Stretching across the seven weeks of Lent leading to Easter Sunday, the Yaqui Easter festival in Guadalupe offers a unique chance to watch centuries-old religious ceremonies up close and in person. In the 17th century, when Jesuit priests introduced Catholicism to the Yaqui, tribal members incorporated Christianity into cultural traditions and tribal customs, resulting in the unique ceremonies and dances celebrated today in Guadalupe.
Public ceremonies feature a procession through the 14 Stations of the Cross. Visitors can also see the emergence of Chapayekas and Fariseos advancing toward Our Lady of Guadalupe church, only to be stopped by Matachin dancers, Deer Dancers, and Pascolas. Hear the sound of rattles made from dried gourds, witness streamers of flowers, and watch the movements of the Deer Dancers, who are chosen for their skill and grace.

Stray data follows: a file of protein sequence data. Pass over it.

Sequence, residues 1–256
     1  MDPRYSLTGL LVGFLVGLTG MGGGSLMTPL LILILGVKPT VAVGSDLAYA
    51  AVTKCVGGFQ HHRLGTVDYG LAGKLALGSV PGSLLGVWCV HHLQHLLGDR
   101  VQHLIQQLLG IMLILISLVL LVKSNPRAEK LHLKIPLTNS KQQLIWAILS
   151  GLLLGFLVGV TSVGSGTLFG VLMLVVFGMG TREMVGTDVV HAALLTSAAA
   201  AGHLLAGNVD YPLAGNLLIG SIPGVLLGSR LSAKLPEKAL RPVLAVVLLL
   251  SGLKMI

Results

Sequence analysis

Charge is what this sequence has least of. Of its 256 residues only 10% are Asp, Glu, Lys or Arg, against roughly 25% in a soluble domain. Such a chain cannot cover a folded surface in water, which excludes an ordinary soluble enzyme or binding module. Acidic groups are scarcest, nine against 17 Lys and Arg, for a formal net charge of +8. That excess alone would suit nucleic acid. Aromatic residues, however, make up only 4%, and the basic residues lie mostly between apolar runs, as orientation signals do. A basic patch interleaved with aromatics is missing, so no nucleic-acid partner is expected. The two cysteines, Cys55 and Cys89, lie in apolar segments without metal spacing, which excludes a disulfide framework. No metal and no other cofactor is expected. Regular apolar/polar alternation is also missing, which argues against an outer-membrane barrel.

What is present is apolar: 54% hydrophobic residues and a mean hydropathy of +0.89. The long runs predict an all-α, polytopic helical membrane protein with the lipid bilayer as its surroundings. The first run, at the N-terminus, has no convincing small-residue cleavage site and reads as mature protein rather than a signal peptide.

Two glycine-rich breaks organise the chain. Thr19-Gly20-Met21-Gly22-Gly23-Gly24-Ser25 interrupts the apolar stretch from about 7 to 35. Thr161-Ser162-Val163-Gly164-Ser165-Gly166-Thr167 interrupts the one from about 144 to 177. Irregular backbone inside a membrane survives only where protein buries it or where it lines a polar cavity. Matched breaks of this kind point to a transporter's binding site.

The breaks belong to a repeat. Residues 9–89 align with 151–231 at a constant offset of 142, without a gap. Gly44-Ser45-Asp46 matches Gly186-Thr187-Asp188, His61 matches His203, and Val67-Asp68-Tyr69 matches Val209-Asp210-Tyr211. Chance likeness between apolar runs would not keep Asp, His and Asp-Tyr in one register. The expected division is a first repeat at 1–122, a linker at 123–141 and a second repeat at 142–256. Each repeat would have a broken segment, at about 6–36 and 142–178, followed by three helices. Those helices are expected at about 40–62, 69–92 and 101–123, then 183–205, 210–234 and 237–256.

Don't forget to observe good etiquette. While visitors are welcome to observe the religious ceremonies, no audio or video recording of any kind is permitted, and no alcohol is allowed. Ceremonies takes place at dusk on Friday through dusk on Sunday each week during Lent.